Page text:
Even if you’re not NRT, you may be able to get economies of scale. By harnessing the collective bargaining power of 120 sales associates at Keller Williams–Fox Valley Realty in St. Charles, Ill., Joelle Senter was able to negotiate some good deals that benefit everyone. 

"Our agents were being constantly bombarded with pitches from technology vendors," says Senter, managing broker and the regional technology advisor for Keller Williams’ mid-America region. "I thought it was just too much for them to sort through."

After surveying the salespeople about what they wanted and how much they’d be willing to pay, Senter worked on their behalf with vendors to put together a comprehensive technology package. The resulting High Tech High Touch Aggressive Marketing System includes enhanced REALTOR.com services, listings syndication to 2,000 Web sites, a personal Web site with each practitioner’s name as the domain name, video tour services, a blogging platform, and Web-based CMA services so buyers can do preliminary comparisons of listings online before contacting a sales associate.

The cost to each team member: $179 per year.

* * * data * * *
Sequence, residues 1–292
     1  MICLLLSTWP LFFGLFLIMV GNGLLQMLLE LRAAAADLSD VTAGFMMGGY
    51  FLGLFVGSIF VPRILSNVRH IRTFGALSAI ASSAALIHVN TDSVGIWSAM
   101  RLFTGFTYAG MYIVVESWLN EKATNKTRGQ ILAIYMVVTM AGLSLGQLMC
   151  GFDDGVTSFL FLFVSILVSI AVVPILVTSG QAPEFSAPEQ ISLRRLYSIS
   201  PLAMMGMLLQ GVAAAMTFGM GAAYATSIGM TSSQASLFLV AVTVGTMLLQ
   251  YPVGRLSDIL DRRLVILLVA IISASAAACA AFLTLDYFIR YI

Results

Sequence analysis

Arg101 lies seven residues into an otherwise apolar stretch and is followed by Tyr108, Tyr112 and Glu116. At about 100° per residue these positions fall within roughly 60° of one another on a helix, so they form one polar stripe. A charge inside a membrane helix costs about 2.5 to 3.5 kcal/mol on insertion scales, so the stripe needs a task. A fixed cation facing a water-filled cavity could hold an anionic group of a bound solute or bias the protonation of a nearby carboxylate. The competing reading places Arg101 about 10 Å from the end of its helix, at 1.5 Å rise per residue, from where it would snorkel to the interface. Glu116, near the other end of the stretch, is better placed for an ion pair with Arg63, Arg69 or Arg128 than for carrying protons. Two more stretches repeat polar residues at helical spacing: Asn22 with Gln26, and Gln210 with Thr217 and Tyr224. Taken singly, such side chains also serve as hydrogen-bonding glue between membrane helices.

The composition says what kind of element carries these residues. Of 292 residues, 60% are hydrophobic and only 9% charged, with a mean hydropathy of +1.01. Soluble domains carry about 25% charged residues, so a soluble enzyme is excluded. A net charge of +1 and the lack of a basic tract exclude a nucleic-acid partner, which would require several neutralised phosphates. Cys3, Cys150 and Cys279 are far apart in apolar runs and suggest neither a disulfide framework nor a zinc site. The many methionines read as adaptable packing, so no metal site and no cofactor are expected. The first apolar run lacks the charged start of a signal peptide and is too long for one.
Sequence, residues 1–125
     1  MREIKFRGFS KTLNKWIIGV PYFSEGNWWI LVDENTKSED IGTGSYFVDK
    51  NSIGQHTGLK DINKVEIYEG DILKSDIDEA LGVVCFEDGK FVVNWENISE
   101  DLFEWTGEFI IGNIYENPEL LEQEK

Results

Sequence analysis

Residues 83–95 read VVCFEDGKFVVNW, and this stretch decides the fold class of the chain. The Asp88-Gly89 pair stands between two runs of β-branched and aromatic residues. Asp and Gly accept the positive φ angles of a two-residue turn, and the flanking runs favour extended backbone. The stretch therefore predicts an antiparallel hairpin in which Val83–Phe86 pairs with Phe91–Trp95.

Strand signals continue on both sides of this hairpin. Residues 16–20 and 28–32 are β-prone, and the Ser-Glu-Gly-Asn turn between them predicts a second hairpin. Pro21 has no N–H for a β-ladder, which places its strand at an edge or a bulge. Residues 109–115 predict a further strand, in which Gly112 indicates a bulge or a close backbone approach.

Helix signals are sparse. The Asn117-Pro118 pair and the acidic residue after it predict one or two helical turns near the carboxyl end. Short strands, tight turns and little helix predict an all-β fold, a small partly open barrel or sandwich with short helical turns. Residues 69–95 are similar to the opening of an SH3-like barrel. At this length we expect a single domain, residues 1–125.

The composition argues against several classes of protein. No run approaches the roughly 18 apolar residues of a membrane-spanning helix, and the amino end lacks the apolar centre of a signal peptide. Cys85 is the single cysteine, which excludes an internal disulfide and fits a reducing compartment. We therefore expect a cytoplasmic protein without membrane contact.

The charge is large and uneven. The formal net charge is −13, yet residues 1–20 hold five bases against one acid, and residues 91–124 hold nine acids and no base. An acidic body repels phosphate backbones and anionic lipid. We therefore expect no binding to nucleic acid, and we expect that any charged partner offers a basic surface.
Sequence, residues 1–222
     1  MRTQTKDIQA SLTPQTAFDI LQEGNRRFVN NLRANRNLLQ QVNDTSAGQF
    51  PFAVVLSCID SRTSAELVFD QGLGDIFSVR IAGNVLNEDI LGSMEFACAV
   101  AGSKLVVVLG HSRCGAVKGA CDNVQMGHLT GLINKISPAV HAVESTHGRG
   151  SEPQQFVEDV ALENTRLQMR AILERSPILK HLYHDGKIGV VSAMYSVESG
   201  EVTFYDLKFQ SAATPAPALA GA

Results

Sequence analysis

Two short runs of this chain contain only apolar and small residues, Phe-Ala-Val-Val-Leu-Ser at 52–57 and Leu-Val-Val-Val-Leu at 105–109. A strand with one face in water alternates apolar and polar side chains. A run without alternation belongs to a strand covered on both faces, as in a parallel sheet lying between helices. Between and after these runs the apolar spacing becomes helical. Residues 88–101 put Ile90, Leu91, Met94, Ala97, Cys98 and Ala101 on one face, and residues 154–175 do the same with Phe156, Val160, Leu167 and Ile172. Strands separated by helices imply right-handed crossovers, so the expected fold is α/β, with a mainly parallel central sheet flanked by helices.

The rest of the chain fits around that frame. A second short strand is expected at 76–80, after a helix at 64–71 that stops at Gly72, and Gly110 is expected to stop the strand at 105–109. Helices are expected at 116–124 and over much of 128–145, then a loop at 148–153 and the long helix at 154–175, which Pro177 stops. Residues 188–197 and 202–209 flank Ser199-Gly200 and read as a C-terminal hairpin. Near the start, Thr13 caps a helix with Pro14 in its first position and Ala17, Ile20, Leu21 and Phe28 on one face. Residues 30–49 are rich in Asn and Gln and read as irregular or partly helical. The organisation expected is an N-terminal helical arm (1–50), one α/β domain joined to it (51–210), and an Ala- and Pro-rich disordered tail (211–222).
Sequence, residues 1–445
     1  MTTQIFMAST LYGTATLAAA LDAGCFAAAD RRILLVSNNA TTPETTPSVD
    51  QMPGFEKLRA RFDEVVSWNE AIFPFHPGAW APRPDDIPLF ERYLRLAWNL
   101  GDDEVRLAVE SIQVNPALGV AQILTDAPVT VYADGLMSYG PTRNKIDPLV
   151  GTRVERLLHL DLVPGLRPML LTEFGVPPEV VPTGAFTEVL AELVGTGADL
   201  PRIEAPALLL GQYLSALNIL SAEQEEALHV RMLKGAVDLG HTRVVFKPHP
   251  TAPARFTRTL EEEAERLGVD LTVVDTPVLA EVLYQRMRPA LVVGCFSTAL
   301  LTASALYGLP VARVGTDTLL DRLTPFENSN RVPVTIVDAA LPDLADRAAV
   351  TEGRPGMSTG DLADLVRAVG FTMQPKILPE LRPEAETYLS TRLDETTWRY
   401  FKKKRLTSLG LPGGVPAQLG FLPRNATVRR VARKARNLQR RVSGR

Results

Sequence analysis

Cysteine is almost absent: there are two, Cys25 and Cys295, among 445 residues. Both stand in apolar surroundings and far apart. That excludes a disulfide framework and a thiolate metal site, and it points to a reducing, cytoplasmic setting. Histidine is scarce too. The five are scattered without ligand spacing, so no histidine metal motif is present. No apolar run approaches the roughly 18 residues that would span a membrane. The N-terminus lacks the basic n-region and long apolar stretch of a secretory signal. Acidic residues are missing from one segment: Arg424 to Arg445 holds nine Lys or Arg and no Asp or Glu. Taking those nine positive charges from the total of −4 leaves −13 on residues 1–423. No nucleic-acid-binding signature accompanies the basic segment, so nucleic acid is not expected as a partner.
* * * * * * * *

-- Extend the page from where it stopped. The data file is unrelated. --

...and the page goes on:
"We try to run a lean and mean office in terms of what we spend," Senter says. "Our technology budget for the company is less than 3 percent each year. That figure is based on anticipated revenue from the projected number of transactions.

"At the company level, our biggest expense is the T-1 line that provides everyone with access to the Web, and there’s nothing we can do to reduce that cost," Senter says. "We also budget $2,500 for two new computers; we seem to be able to get more for our money every year."

Training Improves ROI

Mayfield says tech training is one area where brokers can do more to reap the rewards of their outlay for technology. "With technology, there’s so much out there. You want to make sure your agents understand what you’re providing and how they can get the most benefit from those tools," he says.

For all the careful planning and budgeting, counseling from you or an expert source can have biggest role in determining the real return on investment for any of today’s latest tools. "Technology for technology’s sake can become a very expensive proposition," Averill says.


Get Tech Savings

The Realtor Benefits® Program has partnered with technology leaders to offer savings on products and services you use every day. Go to REALTOR.org/RealtorBenefits.